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Methone

Methone

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Gray Egg
Methone Multimedia GalleryLink to 'Methone Multimedia Gallery'
Methone (pronounced me-thoh-nee; adjective: Methonean) is a tiny 3-kilometer (2-mile) diameter moon that orbits between Mimas and Enceladus at a radius of 194,000 kilometers (120,546 miles) from Saturn. Scientists have two theories to explain the presence of Methone and two other tiny sister moons, Pallene and Anthe. First, the three moons may have split from either Mimas or Enceladus. Second, all five moons may be the remains of a larger swarm that traveled in that area close to Saturn. Methone orbits Saturn in 24 hours.

Because these three tiny moons (Methone, Pallene and Anthe) orbit at very similar distances from Saturn, they are in a dynamical relationship. Mimas strongly perturbs the three moons, all of which orbit between Mimas and the Enceladus. The vastly more massive Mimas causes the Methone orbit to vary by as much as 20 kilometers (12.4 miles), causes Pallene to vary by a slightly smaller amount, and has the greatest effect on Anthe.

These three moons may also be contributing particles to Saturn's E ring. The moons are small and were only recently discovered. Consequently, astronomers have few details on characteristics of these moons such as reflectivity (albedo), rotation (probably tidally locked on Saturn because they are so close), and composition.

Discovery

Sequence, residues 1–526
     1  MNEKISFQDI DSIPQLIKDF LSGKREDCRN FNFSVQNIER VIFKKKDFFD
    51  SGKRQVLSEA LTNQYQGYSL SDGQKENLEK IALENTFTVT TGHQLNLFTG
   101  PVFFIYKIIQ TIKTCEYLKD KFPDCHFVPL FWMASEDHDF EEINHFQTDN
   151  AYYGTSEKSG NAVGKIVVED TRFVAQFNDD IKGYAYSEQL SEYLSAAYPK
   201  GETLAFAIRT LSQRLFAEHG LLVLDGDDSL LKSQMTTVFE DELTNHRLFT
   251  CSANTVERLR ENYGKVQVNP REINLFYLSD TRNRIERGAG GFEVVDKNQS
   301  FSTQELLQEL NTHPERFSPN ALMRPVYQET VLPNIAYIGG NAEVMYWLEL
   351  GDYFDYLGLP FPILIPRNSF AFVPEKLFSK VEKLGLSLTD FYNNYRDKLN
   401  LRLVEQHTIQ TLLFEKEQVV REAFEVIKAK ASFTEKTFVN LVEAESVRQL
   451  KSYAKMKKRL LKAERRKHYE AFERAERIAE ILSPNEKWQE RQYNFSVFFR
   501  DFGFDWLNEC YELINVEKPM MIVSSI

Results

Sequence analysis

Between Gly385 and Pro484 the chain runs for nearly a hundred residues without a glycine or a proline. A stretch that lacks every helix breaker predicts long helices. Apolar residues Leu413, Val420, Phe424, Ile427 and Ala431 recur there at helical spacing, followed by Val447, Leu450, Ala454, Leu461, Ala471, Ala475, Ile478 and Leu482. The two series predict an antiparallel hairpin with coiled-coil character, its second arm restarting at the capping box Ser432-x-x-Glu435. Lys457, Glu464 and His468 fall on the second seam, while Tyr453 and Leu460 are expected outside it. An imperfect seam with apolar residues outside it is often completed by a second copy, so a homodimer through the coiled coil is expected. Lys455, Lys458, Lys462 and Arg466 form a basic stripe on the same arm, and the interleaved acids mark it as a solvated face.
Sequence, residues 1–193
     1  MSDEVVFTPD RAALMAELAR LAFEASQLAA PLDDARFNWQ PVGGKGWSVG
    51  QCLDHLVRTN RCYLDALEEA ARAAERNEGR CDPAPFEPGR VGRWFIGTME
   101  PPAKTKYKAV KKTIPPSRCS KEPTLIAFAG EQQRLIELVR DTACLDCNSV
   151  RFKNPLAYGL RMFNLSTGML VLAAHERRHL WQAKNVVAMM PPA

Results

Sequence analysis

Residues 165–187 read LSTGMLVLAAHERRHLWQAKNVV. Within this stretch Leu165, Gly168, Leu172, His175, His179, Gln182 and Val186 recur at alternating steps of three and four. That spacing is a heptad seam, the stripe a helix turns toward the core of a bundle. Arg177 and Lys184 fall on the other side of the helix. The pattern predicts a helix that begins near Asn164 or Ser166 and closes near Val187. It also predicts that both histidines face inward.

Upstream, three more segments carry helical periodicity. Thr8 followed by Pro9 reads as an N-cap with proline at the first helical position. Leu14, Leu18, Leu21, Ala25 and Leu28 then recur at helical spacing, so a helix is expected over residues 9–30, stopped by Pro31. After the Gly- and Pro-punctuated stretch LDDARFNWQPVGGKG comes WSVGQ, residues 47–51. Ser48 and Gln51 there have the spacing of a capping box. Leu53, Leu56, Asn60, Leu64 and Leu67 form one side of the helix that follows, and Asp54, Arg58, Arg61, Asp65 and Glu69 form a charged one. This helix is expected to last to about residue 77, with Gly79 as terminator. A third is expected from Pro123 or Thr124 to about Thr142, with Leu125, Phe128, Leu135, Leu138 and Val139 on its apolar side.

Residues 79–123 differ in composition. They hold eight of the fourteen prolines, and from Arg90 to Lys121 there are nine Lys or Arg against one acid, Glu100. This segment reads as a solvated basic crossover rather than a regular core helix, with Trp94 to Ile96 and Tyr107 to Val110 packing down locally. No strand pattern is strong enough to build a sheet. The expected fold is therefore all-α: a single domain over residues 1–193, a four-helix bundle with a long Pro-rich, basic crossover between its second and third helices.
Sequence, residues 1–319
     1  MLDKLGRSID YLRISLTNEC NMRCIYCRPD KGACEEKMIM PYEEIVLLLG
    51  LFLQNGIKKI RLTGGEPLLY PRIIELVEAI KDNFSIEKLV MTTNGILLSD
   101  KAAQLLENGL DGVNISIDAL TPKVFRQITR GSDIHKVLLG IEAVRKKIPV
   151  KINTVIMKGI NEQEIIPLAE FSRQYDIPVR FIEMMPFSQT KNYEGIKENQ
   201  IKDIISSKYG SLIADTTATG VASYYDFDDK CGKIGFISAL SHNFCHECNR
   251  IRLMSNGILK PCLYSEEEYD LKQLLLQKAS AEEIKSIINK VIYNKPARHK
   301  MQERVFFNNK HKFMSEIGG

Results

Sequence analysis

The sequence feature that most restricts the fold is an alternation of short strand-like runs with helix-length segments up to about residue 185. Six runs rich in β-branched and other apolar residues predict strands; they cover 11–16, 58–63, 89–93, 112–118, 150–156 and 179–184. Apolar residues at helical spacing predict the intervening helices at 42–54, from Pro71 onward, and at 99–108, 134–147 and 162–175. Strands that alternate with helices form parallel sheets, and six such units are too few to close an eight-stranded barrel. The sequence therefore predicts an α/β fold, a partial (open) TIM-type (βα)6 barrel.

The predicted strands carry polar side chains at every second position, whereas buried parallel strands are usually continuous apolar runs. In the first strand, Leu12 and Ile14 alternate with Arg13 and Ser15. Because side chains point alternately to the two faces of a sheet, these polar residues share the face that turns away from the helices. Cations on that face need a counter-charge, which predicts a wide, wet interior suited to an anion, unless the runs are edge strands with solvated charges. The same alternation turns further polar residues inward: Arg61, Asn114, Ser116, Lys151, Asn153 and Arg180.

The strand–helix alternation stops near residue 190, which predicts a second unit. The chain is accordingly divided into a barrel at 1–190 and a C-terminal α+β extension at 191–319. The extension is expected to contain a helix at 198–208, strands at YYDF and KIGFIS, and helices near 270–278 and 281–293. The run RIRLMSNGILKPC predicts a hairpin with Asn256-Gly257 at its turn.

The Cassini Imaging Team discovered Methone on June 1, 2004. Methone and nearby Pallene were the first moons discovered in Cassini images.

Origin of Names

John Herschel suggested that the moons of Saturn be associated with Greek mythical brothers and sisters of Kronus, known to the Romans as Saturn. The name Methone comes from the name in Greek mythology of one of seven Alkyonides, daughters of the god (or Titan) Alkyoneus who was born of Gaia and the blood of Uranus. Herakles (Hercules) killed their father in the war between the gods of Mount Olympus and the titans. Overcome by grief, the seven daughters threw themselves into the sea to die, but the goddess Amphitrite took pity on them and transformed them into halcyons or kingfishers.

Astronomers also refer to Methone as Saturn XXXII or S/2004 S1. The International Astronomical Union now controls the official naming of astronomical bodies.

Flyby Dates
  • No targeted flyby.

    Closest approach: May 20, 2012 -- 1,863 kilometers (1,158 miles)
Fast Facts
  • Discovered in June 2004 by the Cassini imaging team
  • Distance from Saturn: 194,000 km (120,546 miles)
  • Period of Orbit around Saturn: 24 hours
  • Diameter: 3 to 4 km (about 2 - 2.5 miles)
  • Mass: unknown
Science Goals
  • Determine the characteristics and geological history of Methone
  • Define the different physical processes that created the surface of Methone
  • Investigate composition and distribution of surface materials on Methone -- particularly dark, organic-rich material and condensed ice
  • Determine the bulk composition and internal structure of Methone
  • Investigate interactions of Methone with Saturn's magnetosphere and ring system
Saturn's Moons (sorted alphabetically)
Aegaeon
Aegir
Albiorix
Anthe
Atlas
Bebhionn
Bergelmir
Bestla
Calypso
Daphnis
Dione
Enceladus
Epimetheus
Erriapus
Farbauti
Fenrir
Fornjot
Greip
Hati
Helene
Hyperion
Hyrrokkin
Iapetus
Ijiraq
Janus
Jarnsaxa
Kari
Kiviuq
Loge
Methone
Mimas
Mundilfari
Narvi
Paaliaq
Pallene
Pan
Pandora
Phoebe
Polydeuces
Prometheus
Rhea
Siarnaq
Skadi
Skoll
Surtur
Suttung
Tarqeq
Tarvos
Telesto
Tethys
Thrym
Titan
Ymir

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